Instead of a toothbrush
There were many prehistoric ways for cleaning the teeth before the dawn of a real toothbrush. Chewing sticks were popular. In Southeast Asia the use of betel leaves, areca nuts and slaked lime did have an antiseptic effect against caries, although resulting in blackened teeth from the phenols. The hilltribers usually say it is better with black teeth than no teeth.
My grandfather showed me how to use the sandpapery leaves of Streblus asper (Moraceae) as a toothbrush. This tree is common in the Chiang Mai valley and other parts of Thailand, and is often used to make topiaries which we call ‘mai dat’ in Thai.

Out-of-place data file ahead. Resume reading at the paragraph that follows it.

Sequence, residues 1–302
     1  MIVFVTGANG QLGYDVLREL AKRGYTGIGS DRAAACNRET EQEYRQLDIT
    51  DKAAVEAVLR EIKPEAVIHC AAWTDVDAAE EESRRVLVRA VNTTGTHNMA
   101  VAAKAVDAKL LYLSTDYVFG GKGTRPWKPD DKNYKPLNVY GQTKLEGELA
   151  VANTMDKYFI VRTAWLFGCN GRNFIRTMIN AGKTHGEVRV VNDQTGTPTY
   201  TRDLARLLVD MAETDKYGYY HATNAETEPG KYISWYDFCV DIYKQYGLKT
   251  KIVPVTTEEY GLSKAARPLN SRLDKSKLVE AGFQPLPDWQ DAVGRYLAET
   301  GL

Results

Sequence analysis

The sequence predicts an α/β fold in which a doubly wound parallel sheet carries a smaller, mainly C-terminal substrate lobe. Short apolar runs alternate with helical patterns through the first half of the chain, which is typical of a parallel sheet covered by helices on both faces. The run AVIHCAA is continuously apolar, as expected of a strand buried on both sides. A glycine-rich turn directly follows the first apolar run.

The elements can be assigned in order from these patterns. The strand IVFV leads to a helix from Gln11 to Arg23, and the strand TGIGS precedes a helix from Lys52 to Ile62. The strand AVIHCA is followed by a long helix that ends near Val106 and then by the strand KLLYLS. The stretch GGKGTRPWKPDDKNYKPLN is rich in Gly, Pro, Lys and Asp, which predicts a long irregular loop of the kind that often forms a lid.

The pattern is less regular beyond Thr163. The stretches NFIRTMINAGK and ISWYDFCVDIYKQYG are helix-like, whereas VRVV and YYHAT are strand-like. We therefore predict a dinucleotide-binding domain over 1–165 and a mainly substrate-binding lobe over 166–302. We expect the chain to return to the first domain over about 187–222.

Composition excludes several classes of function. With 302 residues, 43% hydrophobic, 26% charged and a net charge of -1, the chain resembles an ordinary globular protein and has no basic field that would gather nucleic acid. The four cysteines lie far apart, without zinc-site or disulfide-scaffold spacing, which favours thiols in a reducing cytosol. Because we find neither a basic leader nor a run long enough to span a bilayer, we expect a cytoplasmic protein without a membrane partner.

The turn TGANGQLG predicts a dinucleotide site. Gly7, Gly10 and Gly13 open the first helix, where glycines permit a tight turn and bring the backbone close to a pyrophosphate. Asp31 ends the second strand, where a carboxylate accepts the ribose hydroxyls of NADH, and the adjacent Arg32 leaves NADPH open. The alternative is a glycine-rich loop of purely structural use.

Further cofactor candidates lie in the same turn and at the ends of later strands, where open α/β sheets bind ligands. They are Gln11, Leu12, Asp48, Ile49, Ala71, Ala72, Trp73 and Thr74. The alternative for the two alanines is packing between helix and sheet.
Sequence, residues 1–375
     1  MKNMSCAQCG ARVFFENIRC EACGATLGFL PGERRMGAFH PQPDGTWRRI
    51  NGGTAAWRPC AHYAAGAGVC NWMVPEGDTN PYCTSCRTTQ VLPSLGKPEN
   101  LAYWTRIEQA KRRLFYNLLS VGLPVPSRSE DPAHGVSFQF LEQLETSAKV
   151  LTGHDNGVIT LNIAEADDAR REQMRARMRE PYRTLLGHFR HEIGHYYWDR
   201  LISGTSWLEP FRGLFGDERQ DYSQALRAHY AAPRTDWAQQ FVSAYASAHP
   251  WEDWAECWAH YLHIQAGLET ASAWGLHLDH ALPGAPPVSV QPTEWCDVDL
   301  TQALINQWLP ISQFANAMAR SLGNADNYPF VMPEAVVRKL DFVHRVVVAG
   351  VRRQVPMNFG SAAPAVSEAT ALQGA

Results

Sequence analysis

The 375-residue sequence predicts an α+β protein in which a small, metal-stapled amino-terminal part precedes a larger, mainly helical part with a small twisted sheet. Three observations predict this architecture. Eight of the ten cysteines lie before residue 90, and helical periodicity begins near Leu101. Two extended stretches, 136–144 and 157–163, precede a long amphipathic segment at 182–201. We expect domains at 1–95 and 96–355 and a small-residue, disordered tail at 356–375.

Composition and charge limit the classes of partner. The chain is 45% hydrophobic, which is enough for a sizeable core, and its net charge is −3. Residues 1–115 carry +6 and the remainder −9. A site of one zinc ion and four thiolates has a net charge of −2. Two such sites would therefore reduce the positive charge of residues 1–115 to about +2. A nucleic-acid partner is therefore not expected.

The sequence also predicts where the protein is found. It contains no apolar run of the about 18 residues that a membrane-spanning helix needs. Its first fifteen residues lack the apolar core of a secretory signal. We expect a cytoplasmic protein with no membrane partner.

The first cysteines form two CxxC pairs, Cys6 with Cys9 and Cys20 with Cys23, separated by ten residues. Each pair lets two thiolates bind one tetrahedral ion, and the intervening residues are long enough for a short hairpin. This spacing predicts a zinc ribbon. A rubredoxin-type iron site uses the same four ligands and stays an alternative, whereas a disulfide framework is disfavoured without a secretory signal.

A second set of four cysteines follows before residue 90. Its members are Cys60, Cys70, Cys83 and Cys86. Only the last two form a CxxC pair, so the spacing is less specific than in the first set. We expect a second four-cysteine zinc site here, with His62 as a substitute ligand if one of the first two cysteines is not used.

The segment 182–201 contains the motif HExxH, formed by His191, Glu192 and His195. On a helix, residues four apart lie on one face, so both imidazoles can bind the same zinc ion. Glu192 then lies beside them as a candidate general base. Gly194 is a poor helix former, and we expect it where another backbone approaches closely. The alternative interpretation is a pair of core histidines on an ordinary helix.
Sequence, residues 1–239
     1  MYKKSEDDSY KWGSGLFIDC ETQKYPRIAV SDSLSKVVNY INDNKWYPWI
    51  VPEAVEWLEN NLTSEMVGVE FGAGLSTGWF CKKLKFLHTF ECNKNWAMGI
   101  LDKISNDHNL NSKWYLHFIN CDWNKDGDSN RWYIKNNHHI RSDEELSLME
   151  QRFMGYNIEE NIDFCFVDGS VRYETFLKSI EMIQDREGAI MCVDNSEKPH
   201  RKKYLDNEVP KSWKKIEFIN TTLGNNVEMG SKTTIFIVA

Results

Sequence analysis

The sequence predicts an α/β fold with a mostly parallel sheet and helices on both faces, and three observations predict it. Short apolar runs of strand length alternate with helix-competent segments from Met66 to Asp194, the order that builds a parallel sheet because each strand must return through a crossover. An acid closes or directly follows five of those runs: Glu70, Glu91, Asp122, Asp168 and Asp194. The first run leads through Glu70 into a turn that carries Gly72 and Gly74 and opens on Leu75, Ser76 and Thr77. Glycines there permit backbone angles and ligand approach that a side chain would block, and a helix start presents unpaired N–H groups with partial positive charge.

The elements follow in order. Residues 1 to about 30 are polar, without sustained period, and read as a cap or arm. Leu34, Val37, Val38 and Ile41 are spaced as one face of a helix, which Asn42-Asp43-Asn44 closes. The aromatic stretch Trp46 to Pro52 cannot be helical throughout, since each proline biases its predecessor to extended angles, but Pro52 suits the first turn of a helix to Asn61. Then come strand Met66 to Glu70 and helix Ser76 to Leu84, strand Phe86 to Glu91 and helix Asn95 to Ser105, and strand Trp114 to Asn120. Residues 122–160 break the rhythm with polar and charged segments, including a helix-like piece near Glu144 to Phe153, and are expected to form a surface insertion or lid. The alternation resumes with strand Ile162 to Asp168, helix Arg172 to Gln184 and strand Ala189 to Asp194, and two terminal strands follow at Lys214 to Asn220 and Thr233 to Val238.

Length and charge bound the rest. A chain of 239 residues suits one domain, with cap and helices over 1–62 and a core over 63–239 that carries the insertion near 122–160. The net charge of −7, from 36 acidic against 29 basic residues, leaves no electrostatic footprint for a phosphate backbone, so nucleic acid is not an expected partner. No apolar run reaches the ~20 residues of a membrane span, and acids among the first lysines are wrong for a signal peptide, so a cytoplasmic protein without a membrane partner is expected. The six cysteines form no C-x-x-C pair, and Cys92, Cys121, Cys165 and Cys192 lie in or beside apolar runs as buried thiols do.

The leaf of Streblus asper used to function as a toothbrush.
The blossom of Streblus asper somewhat resemble the related mulberry blossom. They can be admired in an unpruned tree at Dokmai Garden now.
The Dokmai Garden ‘mai dat’, a Streblus asper, pruned to show the Thai gardener is the master of nature. Bonsais and penzais are the opposite, a Japanese or Chinese gardener’s attempt to copy nature, using a miniature scale.
The bark is grey in this species. Another commonly used tree in Thai topiaries is Diospyros ehretioides (Ebeneaceae). This native ebony has a black bark, and smoother and egg-shaped leaves. Its pruned form grows at Dokmai Garden.